by Emma Glassman-Hughes 


A stand-up show at a Boston marketing conference is not the first place a grown woman should hear someone talk about vaginal discharge in public, but that’s how it happened for me.

In front of thousands of young, tightly wound, business-caj’ (I just spent a shameful amount of time googling the correct spelling of this abbreviation; thank you, Internet) professionals, comedian Amy Schumer got on stage and tore into her routine. Through the screams of adoring fans (me), Schumez pulled from her classic categories: excessive drinking, chronic UTIs, getting annoyed at men who have lots of sex (like her) but aren’t criticized for it (not like her), and vaginal discharge. Wait--the last one??? Did she just say...???

“Tonight, I had one goal. To take my underwear off at the end of the night and not make it look like I blew my nose on it.”

I was in brief disbelief--but in that moment, years of solitarily and shamefully examining my underwear at the end of a long day; years of not knowing how to answer questions from gynecologists about “normal” discharge because I didn’t know what “normal” looked like; years of subtly balling up and kicking away my undies so my hook-up buddy couldn’t sneak a glimpse; years of quiet humiliation melted away like a tub of cream cheese in a microwave (Obvious Child anyone?). My experience was validated, and my underwear was moist. A recipe for success.

I laughed through the rest of her impeccable show, but found the laughter stopped shortly afterward. Thinking about taboos of women’s health tends to kill the mood.

Why was Amy Schumer--queen of comedy, sure, but no medical professional--the first human I’d ever publicly heard not only hint at the idea of vaginal discharge, but accurately describe its appearance and consistency? This is something we all experience, but it’s something none of us are expected to acknowledge. And if we wanna get funky with someone else? We’re expected to “fix” the funky in our pants--AKA pretend it doesn’t exist and change underwear every 30 seconds.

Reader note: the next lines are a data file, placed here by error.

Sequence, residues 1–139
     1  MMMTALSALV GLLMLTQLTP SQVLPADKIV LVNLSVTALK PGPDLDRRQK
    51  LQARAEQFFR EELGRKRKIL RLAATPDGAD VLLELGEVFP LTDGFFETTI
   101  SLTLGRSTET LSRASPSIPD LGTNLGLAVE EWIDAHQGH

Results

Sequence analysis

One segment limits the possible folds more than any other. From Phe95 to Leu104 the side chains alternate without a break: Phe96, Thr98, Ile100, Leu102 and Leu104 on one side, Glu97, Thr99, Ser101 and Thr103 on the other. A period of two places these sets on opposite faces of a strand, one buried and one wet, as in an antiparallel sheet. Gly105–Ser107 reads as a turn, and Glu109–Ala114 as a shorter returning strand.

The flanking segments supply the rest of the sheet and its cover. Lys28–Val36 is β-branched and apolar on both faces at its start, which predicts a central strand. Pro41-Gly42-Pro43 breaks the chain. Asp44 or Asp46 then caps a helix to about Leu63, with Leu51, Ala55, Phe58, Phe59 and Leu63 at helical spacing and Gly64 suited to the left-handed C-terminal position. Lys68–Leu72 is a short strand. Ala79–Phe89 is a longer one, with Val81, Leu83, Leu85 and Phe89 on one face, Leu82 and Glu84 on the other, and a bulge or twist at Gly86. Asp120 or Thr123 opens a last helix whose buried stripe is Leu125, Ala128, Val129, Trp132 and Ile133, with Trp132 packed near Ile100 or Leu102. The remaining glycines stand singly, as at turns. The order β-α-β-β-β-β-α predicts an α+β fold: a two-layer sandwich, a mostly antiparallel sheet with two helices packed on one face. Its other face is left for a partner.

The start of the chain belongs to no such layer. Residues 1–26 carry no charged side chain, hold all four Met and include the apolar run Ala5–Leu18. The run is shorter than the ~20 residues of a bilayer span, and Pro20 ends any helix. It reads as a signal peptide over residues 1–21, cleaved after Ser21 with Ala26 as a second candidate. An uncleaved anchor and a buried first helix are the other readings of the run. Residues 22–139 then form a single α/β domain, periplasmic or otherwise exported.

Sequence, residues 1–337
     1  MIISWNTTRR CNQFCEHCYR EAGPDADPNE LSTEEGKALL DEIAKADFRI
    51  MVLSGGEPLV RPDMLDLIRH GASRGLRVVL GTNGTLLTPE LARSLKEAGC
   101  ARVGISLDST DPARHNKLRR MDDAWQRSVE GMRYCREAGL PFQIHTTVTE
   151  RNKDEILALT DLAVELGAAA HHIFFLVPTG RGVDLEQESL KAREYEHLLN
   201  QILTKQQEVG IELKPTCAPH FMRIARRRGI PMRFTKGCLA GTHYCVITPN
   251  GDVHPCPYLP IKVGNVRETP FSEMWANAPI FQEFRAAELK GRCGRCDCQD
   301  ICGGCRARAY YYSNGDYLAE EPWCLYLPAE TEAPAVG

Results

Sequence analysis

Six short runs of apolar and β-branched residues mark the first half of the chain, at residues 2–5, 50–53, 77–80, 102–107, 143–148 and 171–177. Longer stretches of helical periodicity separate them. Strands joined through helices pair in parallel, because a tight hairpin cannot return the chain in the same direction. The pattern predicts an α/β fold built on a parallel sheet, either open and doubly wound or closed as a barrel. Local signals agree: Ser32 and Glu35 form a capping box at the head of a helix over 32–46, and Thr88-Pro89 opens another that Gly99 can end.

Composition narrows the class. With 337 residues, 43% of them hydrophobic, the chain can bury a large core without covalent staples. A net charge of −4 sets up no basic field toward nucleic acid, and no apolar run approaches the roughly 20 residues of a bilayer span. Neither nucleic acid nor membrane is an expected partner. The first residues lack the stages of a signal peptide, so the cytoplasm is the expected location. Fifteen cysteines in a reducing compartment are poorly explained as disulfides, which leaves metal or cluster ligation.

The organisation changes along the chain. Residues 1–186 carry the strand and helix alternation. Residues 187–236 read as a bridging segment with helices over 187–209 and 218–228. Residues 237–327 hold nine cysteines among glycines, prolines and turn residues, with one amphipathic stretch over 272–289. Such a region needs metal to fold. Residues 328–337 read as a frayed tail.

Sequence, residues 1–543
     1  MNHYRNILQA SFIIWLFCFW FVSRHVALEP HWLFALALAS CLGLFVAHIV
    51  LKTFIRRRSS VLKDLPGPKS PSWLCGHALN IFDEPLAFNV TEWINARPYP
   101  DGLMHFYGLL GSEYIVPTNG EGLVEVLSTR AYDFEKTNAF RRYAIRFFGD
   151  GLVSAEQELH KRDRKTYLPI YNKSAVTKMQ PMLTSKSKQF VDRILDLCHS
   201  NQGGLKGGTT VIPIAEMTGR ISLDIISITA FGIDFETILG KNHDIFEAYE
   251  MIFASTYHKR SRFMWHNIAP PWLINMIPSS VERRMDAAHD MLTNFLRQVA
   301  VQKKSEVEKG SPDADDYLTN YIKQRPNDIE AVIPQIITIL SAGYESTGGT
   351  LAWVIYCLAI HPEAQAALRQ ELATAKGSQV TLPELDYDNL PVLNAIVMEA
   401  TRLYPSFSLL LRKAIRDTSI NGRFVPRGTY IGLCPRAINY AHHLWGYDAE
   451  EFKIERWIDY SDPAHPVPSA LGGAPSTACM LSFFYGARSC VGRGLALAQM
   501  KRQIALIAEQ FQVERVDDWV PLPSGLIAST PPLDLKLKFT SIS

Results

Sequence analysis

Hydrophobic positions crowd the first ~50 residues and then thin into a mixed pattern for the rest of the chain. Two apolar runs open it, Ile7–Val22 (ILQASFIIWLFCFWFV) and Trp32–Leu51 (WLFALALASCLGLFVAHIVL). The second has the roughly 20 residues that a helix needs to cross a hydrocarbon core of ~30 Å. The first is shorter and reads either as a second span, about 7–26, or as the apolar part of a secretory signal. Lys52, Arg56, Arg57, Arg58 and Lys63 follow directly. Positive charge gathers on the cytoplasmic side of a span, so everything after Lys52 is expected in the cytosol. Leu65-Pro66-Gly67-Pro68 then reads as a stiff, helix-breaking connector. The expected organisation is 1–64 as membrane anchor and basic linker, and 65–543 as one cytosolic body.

Fine, you’re right. That’s a little extreme. But I’ve always had a hard time with the discharge on my underwear because I’d never talked about it with anyone else, I didn’t hear about it from adults or doctors, and the only underwear I ever saw in TV or movies was pristine and untarnished by lady cheese (I just made myself gag, FYI). If a sexual partner ever commented on my discharge, I would freeze up and not know what to say, paralyzed by embarrassment. The shame surrounding the natural functions of my vagina was overwhelming, and unnecessary. The Schume-sicle helped me realize that the discharge coming from my body is normal and common, and not something to hide at all costs.

Thanks for the visit, shame, but you’ve been discharged.

For those of you who, like me, want to solve the mystery of the mysterious gunk, we've included a handy guide on what you should know: 



By Emma Glassman-Hughes & Kelsey Duchesne 



Discharge, also known as cervical fluid, is kinda like a cervix cocktail (sry for the visual). It is made up of different substances from glands near your cervix, and serves as a protector to your uterus. It affects your reproductive abilities (it’s a major decider on how long sperm can survive and their journey through the reproductive tract).



The quality and quantity of your cervical fluid change throughout your cycle. Ya know: ebb, flow, etc. These changes occur in response to the hormonal transitions that prepare your body for ovulation. Tracking the changes in your cervical fluid can be helpful to determine if ovulation has occurred. This method is an essential component of Fertility Awareness Methods (FAMs. And not the Kanye West kind). Think of this as kind of a DIY birth control method--but maybe a little less Pinterest-friendly.

Familiarity with how your cervical fluid changes during your cycle will also allow you to recognize when something about your reproductive health is unusual, like an infection. *foreboding music plays*

Luckily for us, there are several FAMs that teach how to identify cervical fluid. Each method has its own set of rules, but the common denominator is assessing a combination of:

- consistency (e.g., slippery, sticky or pasty, and stretchy)

- sensation (e.g., wet or dry)

- amount

- color